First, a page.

If you were raising your kids in, say, Utah—or any other place that doesn't have a Mommy Poppins daily calendar to point you in fun directions—you'd have to work a lot harder to keep your summer days playful. Our SUMMER OF PLAY partner, KaBOOM!, works with community leaders around the country to create more spaces and ways for kids to enjoy balanced and active play. Mother of three and registered nurse, Cyndalynn Tilley, is one of these community leaders in Woods Cross, Utah, and she's shared some of her favorite ideas for finding opportunities to play while doing ordinary daily activities. Backyard games are great when you have the time and space, but what about when you have to bring kids along to do chores like shopping and laundry? Even then grown-ups can help kids get the play they need to thrive.
This season, we're partnering with KaBOOM! to promote a SUMMER OF PLAY. A few months back, KaBOOM!, the nonprofit dedicated to bringing play to all children, held a nationwide contest with Walt Disney Parks and Resorts to find America's Most Playful Family. Families all over the country shared the different ways they like to play, often illustrating that you don't need lots of toys or organized activities to have a great time. Play ideas can come from people of all ages, even caring adults who ensure kids get the balanced and active play they need to thrive.
You can't help but be inspired by America's Most Playful Family contest winners, the Thomases from Laguna Pueblo, New Mexico. Even though they don't have playgrounds in their community or fancy playthings, they invent games that incorporate cultural traditions and all three generations of family. Watch the video family portrait that won them the title, and then read about some of their fun games that you can try at home—no batteries needed.
My husband grew up in Boston and, like the rest of the state population, is a die-hard Red Sox fan. Our son was born right before last year's World Series win and my husband called him sport-spoiled. After all, my husband had to wait 26 years for his first World Series Red Sox ring! The obsession has already been handed down to our 3 year old daughter. I think she may know the names of the Red Sox players better than her numbers.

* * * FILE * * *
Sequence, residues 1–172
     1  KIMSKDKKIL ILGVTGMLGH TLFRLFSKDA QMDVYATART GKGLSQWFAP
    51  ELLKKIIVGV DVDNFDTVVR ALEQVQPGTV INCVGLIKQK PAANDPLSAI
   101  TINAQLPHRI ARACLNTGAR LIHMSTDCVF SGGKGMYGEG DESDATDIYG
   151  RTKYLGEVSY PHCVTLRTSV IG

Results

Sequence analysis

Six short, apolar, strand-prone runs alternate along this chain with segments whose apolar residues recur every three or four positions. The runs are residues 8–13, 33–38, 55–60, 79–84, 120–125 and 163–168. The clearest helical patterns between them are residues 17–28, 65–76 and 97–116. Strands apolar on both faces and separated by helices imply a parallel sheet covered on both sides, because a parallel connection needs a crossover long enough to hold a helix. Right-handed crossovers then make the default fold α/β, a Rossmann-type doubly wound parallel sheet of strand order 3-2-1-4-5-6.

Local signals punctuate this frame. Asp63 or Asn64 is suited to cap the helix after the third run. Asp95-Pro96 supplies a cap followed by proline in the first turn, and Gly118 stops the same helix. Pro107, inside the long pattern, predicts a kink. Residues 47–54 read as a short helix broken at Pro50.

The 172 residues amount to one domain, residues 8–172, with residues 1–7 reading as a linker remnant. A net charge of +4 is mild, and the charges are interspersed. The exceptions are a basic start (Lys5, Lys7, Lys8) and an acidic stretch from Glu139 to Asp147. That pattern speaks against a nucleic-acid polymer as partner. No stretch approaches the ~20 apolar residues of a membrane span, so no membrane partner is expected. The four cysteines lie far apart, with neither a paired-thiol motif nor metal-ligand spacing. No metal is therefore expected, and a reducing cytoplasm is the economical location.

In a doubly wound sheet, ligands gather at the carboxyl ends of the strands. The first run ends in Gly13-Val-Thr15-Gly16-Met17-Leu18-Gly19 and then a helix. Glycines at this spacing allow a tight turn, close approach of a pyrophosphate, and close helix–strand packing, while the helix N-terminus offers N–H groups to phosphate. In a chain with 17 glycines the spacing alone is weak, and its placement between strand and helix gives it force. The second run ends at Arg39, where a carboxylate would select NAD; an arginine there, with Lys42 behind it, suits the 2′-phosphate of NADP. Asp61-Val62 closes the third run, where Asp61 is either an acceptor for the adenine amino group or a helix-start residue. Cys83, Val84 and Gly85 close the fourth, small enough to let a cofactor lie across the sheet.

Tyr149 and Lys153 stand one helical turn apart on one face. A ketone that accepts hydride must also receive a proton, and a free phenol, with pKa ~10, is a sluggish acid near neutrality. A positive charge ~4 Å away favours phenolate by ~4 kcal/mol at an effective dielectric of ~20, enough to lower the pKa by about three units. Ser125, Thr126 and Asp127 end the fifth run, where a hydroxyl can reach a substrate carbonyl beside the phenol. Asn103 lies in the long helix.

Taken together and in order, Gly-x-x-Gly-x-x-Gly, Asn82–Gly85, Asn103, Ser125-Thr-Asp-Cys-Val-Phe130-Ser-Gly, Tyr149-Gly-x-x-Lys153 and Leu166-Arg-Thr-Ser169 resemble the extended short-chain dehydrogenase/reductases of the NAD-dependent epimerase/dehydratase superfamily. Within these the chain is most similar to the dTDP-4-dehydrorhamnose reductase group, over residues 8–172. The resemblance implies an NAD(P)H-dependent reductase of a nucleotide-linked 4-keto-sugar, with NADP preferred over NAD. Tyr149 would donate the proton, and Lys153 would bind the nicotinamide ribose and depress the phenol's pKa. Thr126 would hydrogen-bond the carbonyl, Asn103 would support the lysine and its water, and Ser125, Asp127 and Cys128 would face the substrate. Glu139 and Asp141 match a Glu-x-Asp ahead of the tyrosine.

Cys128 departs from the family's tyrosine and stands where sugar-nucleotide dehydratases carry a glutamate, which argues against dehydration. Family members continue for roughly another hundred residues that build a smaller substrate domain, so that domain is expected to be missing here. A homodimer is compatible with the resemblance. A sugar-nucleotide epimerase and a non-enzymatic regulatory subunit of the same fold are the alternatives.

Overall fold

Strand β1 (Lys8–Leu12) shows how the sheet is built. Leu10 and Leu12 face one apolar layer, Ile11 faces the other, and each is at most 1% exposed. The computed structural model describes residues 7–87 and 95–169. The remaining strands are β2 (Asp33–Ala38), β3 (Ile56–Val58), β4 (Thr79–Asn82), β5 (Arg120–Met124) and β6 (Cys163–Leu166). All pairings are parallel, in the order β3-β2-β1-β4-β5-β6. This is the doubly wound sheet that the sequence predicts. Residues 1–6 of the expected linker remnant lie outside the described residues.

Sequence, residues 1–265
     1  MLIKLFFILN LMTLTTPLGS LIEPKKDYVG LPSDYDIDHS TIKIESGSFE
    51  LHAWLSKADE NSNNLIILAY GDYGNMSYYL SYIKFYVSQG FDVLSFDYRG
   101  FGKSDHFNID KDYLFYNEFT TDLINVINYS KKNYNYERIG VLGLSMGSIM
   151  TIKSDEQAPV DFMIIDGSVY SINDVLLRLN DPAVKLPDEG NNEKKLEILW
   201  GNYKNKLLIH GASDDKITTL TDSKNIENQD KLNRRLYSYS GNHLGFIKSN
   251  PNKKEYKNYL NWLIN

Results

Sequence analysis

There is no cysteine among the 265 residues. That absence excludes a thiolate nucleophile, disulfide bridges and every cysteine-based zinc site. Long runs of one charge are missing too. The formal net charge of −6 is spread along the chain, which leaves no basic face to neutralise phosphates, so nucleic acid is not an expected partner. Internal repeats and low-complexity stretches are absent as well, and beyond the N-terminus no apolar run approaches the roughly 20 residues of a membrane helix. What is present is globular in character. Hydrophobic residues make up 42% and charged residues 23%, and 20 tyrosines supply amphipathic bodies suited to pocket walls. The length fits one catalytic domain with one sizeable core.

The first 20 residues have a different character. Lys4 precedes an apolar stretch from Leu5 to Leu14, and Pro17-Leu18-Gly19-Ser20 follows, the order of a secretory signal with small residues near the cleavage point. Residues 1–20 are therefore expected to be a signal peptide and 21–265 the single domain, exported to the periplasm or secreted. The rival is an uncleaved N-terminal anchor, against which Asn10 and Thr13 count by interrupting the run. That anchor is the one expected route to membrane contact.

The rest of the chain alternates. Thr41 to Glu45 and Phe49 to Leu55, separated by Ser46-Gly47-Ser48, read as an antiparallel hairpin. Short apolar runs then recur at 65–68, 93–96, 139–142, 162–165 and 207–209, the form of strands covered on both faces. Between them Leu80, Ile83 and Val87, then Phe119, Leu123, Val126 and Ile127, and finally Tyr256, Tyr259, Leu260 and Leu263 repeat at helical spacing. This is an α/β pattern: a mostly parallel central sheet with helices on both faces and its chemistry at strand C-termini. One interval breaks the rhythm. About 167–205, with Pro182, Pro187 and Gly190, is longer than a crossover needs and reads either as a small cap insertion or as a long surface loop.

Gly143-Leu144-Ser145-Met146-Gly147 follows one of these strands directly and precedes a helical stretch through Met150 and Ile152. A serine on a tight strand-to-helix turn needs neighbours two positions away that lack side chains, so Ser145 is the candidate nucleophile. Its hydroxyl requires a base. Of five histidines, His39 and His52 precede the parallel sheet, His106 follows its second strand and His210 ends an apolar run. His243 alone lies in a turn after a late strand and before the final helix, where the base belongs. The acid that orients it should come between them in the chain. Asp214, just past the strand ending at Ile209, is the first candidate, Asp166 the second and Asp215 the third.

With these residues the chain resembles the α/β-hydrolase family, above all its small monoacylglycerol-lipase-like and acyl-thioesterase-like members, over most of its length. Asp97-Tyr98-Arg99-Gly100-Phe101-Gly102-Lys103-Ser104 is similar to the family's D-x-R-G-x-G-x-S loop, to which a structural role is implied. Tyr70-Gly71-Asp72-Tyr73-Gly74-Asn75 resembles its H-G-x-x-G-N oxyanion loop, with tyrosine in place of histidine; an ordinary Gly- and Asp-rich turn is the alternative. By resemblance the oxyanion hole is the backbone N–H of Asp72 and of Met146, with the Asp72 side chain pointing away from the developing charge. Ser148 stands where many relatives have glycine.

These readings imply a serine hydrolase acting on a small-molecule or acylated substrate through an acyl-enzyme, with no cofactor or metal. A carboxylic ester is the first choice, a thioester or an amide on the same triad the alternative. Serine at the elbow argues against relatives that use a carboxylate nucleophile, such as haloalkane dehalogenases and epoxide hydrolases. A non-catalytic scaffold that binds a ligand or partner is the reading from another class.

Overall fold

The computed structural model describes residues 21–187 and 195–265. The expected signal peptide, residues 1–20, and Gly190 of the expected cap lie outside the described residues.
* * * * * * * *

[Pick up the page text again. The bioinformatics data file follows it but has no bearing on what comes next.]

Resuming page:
For Father's Day, I decided to go for "Wife Of The Year" and score us tickets to a game. Here are my top 10 tips to help make the game a success for you and your family (and last at least to the 7th inning stretch.)
What about the egg hunt at home and the kids’ Easter baskets? Does the thought of stuffing them with candy and weathering the ensuing sugar high give you a headache? If you’re looking for some ideas for filling baskets and eggs without going overboard on the sweets, read on for basket themes, egg fillers, and places in and around Boston to get great little gifts.
Last year for April Fools' Day, we rounded up 10 fun pranks to play on your kids, but some of them were a bit elaborate and required a lot of prep. This year, we have 10 more pranks for parents who want to show their kids that they have a sense of humor, but also want the jokes to be super easy to pull off.
Regardless of whether your kids attend public, private or parochial, chances are their school is always looking for ways to raise much-needed funds to pay for enriching extras. Parents are often called upon to give money. But there are also lots of fun and easy ways for families to get involved in the fundraising process that involve donating your time and creativity, not your cold hard cash.
A few years back, I wrote a post featuring 7 successful large-scale fundraising projects I helped oversee at my son's school when I was PTA president. Today I'm sharing 9 simple fundraising ideas that can be implemented relatively quickly. In fact, inspired PTAs could get a couple of these off the ground before spring break arrives! You may have heard of some of these before (hello, bake sale) but I've included tips for ways to maximize profits and enjoyment.
I went back to work full-time this year after several years of working part-time as a high school teacher, and I spent the first few months feeling pretty inadequate at basically everything. By November, I started to feel a little more on top of things, just in time for cold, cough and stomach bug season. Here are some tips and ideas I wish I'd had back in August. (Note: I consider being a stay-at-home mom of young children full time work, so many of these tips are applicable whether you work in or outside of the home.) You might also want to check out the Poppins Parents profile on recent-blogging-award winner, yogi-extraordinaire Kristin Quinn for some inspiration (!) and tips on juggling work and family.
It's the thing every expectant parent dreads and every new parent comes to accept within hours of their child's birth: the copious amounts of poo that little bodies are capable of producing. For families interested in "going green," cloth diapers may be an appealing alternative to sending endless bags of disposables to the landfill. But where to start? Fortunately, while cloth diapering can seem overwhelming, Boston has several local resources to help figure out if cloth diapering is right for your family.
We're glad you're here at Mommy Poppins Boston, your free online resource for everything for families and kids in the greater Boston area. We'd love to hear from you with any questions or suggestions! — Tara